The cult of St Nicholas in medieval Italy

The cult of St Nicholas in medieval Italy

By Sarah Burnett

PhD Dissertation, University of Warwick, 2009

Abstract: St Nicholas was one of the most popular saints in medieval Italy. His cult attracted the attention of popes, kings and emperors, and his shrine at Bari became an important international pilgrimage destination. This thesis asks how the cult of St Nicholas came to be so widespread and popular in Italy, and why the saint attracted the attention of diverse groups and individuals. This thesis is structured around four chapters. The first demonstrates that through a process of Latinisation the cult of St Nicholas became integrated within Italian literary traditions and within a new spiritual era. Chapter Two reveals that this Latinisation also occurred within the saint’s iconography. Chapters Three and Four are case studies of the cult in Puglia and Venice, locations which claimed possession of the saint’s relics. These case studies show that the general developments that the cult of St Nicholas underwent in Italy, identified in Chapters One and Two, did not apply universally. Instead, the presence of the saint’s relics resulted in a different profile of the saint in Bari and Venice. Through the process of Latinisation, the cult of St Nicholas became updated and remained relevant for its new Italian audience; Chapters Three and Four show alternative ways that the cult of St Nicholas gained widespread popularity. This thesis presents for the first time an iconographical study of St Nicholas in Italian art, which develops existing research of the saint’s Byzantine iconography. Chapter Four presents a profile of the cult of St Nicholas in Venice in the Middle Ages, which is a significant oversight in the literature. The thesis uses a variety of visual and textual sources, in particular fresco and altarpiece representations, archival documents from Venice and Rome (including the Apostolic Visitations), and under-exploited contemporary and antiquarian Venetian sources.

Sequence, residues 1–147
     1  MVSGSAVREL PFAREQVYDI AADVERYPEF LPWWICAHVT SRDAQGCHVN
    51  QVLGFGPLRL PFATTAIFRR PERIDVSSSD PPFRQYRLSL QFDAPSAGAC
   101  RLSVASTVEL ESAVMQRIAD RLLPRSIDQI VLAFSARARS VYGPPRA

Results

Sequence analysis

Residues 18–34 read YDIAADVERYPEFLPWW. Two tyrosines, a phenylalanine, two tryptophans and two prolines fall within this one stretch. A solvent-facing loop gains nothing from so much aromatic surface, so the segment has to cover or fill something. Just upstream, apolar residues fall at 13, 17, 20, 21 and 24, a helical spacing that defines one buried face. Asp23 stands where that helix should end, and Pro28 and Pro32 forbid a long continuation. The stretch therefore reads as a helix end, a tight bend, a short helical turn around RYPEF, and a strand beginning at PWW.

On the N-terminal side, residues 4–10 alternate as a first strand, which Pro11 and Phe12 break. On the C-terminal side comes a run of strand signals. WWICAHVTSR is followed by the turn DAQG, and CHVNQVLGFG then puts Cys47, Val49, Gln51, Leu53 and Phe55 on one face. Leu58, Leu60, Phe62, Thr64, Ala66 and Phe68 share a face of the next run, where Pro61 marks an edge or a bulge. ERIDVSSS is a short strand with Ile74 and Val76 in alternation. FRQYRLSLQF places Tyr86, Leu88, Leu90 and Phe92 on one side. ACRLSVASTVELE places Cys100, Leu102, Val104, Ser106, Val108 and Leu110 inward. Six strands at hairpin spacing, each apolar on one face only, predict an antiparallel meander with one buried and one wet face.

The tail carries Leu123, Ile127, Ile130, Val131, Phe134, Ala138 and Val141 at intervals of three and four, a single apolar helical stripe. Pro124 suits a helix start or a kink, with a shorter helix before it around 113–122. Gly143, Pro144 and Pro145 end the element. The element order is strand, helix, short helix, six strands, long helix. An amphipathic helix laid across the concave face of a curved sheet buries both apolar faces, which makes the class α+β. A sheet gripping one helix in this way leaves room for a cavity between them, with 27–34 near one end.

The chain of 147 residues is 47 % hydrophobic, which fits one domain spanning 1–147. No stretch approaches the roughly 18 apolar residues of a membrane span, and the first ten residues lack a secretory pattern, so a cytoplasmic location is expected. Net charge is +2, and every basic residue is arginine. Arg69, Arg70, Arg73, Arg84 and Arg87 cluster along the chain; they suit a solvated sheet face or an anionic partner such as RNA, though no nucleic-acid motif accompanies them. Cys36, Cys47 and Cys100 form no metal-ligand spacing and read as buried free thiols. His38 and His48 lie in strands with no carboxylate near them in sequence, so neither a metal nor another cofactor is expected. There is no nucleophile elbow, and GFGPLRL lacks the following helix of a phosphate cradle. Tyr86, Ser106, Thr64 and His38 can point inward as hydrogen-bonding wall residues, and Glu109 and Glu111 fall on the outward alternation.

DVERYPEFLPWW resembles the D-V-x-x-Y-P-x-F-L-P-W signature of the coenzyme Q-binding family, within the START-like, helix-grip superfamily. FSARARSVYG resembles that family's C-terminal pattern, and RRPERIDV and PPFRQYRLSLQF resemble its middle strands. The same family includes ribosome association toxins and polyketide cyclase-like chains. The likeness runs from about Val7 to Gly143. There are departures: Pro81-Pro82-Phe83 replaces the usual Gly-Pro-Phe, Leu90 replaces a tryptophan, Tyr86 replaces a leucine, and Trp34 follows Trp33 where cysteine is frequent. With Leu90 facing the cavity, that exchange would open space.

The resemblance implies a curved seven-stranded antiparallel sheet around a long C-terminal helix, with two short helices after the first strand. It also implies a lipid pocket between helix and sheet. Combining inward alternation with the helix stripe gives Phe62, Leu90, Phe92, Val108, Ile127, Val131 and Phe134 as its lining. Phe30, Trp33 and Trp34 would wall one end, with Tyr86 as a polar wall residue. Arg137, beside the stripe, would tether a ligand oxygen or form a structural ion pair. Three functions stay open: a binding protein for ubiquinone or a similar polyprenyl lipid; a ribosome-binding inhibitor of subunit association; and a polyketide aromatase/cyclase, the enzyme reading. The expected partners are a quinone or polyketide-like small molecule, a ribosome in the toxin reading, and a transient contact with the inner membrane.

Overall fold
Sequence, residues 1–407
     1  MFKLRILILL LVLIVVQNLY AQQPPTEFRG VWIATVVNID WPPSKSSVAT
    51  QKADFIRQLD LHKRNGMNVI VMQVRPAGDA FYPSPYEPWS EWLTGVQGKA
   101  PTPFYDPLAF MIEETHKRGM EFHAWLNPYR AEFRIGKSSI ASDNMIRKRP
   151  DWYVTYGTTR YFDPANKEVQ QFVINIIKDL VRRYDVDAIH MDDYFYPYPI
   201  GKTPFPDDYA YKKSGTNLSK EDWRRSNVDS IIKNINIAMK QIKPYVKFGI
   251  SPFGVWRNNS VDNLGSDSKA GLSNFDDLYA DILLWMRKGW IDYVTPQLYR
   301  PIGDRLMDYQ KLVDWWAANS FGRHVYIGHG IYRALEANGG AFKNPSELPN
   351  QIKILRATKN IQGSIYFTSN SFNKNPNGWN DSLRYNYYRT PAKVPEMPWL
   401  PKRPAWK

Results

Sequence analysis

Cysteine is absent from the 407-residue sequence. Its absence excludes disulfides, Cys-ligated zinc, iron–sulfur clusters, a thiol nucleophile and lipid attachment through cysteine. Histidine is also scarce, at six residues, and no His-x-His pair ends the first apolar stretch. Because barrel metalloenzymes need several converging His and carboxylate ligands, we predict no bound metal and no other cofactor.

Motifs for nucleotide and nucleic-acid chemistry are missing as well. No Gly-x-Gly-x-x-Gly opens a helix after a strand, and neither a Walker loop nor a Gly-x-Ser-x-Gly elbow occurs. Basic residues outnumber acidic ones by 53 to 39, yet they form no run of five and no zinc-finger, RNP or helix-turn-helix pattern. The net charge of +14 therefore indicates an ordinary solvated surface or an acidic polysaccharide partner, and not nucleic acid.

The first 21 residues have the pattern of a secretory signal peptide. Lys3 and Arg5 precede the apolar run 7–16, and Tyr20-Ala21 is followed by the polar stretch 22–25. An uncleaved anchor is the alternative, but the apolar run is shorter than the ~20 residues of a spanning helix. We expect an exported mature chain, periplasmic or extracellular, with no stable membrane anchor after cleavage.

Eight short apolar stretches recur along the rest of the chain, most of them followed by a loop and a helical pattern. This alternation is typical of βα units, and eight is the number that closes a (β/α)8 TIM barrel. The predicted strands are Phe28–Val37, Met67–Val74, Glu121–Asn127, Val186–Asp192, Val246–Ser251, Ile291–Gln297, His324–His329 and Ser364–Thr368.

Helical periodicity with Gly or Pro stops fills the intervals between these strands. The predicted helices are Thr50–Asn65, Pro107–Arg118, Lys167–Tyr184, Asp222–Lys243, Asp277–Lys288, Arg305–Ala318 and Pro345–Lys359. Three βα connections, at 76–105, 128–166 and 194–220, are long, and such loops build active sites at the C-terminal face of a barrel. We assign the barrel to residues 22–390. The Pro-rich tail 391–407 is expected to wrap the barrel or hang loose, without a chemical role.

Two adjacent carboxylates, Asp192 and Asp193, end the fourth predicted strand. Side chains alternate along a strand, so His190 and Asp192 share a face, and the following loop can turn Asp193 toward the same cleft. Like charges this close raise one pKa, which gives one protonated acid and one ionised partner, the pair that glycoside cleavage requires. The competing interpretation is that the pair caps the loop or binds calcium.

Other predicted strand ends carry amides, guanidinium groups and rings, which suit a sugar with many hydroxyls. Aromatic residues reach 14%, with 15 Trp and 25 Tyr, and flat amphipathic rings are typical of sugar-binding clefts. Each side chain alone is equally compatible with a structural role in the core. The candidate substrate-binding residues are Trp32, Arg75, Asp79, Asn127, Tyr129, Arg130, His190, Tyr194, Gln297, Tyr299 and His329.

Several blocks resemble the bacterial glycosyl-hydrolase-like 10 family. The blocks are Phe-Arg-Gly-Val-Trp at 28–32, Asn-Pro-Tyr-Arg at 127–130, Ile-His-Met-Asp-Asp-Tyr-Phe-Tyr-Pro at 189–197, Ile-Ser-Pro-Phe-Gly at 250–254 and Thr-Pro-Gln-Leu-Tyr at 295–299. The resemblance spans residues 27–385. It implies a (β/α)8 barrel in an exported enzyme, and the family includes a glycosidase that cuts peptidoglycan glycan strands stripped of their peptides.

Click here to read this thesis from the University of Warwick

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